Process is important for learning.  Lectures induce passivity.  Four walls creates the illusion that learning is only indoors – without apparent irony, isolated from the “real world”.  Architecture is crystallized pedagogy that often reinforces passivity, monologue, domination, and artificiality.  Orr’s point is that, “Students are being taught in various and subtle ways bend the over content of courses.”

Orr’s suggestions for reconstructing education are mostly sound.

For the purposes of branding a successful idea, saying that “all education is universal education” might be more effective.  The “application” parts of math lessons in high school were often the most compelling.  Plus, I’d say that viewing the earth and education in the context of the universe makes the earth even more valuable (considering we’re the only place where life exists), and therefore worth taking care of.

‘Mastering ones person’ puts subject matter in the proper place.  We are human beings, not brains (that function as computers) on a stick.  I’m not sure any public education system could put something like this into practice.  It’s personal.  This is something parents can/should teach their children, something where parents discuss how to implement the things they’ve learned, how it affects who they are and how they should live their lives.

#3 is a beautiful thought.  Knowledge needs to be used responsibly and used for good.  High school trigonometry doesn’t have much ability or application to be used for de-humanization.  But psychology used in the military to break down prisoners in the most effective and dehumanizing ways is not good.  Nor is advancing weapon techniques for the military.  Scale is something we need to be very concerned with.  Massive oil spills destroy life-systems, economies even.  Is this technology good?  Is nuclear power used responsibly and safely if it can never be properly disposed of?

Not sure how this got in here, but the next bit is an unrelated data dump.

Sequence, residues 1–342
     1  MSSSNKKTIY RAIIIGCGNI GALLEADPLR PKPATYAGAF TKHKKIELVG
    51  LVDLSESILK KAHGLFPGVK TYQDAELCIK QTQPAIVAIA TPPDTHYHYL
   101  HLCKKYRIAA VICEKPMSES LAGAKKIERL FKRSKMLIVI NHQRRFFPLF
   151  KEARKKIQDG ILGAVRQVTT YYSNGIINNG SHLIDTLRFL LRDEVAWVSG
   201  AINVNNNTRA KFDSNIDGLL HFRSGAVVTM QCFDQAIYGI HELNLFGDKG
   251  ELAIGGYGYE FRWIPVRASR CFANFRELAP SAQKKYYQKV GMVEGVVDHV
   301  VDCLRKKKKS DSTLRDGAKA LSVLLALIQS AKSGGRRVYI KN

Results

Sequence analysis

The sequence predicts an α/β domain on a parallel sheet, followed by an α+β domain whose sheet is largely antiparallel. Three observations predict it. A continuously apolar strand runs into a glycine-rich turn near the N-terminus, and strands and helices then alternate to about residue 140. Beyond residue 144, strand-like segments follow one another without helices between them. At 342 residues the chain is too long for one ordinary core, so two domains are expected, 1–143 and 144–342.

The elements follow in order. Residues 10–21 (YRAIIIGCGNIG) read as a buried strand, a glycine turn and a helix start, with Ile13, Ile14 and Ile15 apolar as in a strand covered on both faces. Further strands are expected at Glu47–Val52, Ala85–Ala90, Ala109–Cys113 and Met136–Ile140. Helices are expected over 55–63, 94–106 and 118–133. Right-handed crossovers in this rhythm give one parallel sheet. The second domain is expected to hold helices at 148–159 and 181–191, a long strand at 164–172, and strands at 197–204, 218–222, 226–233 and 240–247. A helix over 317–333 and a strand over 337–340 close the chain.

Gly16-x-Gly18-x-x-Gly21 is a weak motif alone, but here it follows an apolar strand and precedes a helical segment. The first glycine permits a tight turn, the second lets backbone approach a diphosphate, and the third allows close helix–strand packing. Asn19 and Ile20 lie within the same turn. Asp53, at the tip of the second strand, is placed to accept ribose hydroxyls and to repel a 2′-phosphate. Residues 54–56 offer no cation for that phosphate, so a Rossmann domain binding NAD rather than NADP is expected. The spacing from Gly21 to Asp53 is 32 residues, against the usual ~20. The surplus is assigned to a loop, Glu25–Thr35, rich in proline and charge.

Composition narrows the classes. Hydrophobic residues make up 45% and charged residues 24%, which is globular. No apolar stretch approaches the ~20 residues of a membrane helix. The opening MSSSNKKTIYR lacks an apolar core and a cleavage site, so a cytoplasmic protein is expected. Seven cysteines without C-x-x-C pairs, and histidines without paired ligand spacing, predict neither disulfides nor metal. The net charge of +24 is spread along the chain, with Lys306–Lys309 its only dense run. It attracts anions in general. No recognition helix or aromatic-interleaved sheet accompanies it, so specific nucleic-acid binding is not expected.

The effects of knowledge on real people and their communities is a very humanistic concept.  By no means is it ‘scientific’.  Looking at the ‘human factor’ is in serious neglect in economics.  Detroit would be a much different city today if economists thought about the effects of people.  Niagara peaches are no longer canned by Del Monte because its cheaper to can them in China.  “Globalization is good” is something I have trouble with, “Free trade” maybe too.  Why does “fair trade” have to be with people across the world, when it can be with my neighbours?  (probably because, in Canada, we are mainly a service industry and not a primary sector economy).

The minute particulars is essentially a call for ethics in educational organization.  I think that this call can be extended for all organizations everywhere.

Process in education resounds within the educator in me.  I encourage experiential as often as possible.  Doing something is almost always much more valuable than reciting something.  Discussion is also much more effective than reciting something.  Process can mean learning styles: visual, auditor, kinaesthetic.  Process can be singing a song, doing a presentation, having a class discussion, going on a field trip.  Interviewing a professional in a classroom about their profession brings the “real world” to the classroom, but going out and teaching people within the “real world” is true education.  (sheesh, now I’m speaking like Orr when I say “true education”).


Part 3 continues here.

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One thought on “Part 2, David Orr’s “What is Education For?”

  1. Pingback: Part 1, David Orr’s “What is Education For?” | Jordan Duerrstein's Blog